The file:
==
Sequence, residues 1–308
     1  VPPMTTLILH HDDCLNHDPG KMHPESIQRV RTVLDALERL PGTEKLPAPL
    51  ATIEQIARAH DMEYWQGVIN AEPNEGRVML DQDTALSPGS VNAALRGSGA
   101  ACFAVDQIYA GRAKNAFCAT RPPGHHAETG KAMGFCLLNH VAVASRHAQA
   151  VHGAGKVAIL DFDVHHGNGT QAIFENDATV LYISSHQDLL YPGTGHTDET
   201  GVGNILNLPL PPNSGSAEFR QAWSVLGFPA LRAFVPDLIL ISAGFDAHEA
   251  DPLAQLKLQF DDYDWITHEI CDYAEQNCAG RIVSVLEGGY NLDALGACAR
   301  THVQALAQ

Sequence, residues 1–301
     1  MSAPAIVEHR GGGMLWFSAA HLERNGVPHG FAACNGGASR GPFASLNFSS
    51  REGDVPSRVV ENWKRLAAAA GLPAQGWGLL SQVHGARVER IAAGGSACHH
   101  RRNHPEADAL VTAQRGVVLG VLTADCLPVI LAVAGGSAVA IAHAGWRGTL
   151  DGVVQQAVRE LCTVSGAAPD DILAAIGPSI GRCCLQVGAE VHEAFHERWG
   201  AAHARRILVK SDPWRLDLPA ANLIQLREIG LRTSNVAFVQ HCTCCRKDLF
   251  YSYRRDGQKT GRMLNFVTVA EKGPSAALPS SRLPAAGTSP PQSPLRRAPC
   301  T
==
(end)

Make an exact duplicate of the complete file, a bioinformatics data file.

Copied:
Sequence, residues 1–308
     1  VPPMTTLILH HDDCLNHDPG KMHPESIQRV RTVLDALERL PGTEKLPAPL
    51  ATIEQIARAH DMEYWQGVIN AEPNEGRVML DQDTALSPGS VNAALRGSGA
   101  ACFAVDQIYA GRAKNAFCAT RPPGHHAETG KAMGFCLLNH VAVASRHAQA
   151  VHGAGKVAIL DFDVHHGNGT QAIFENDATV LYISSHQDLL YPGTGHTDET
   201  GVGNILNLPL PPNSGSAEFR QAWSVLGFPA LRAFVPDLIL ISAGFDAHEA
   251  DPLAQLKLQF DDYDWITHEI CDYAEQNCAG RIVSVLEGGY NLDALGACAR
   301  THVQALAQ

Sequence, residues 1–301
     1  MSAPAIVEHR GGGMLWFSAA HLERNGVPHG FAACNGGASR GPFASLNFSS
    51  REGDVPSRVV ENWKRLAAAA GLPAQGWGLL SQVHGARVER IAAGGSACHH
   101  RRNHPEADAL VTAQRGVVLG VLTADCLPVI LAVAGGSAVA IAHAGWRGTL
   151  DGVVQQAVRE LCTVSGAAPD DILAAIGPSI GRCCLQVGAE VHEAFHERWG
   201  AAHARRILVK SDPWRLDLPA ANLIQLREIG LRTSNVAFVQ HCTCCRKDLF
   251  YSYRRDGQKT GRMLNFVTVA EKGPSAALPS SRLPAAGTSP PQSPLRRAPC
   301  T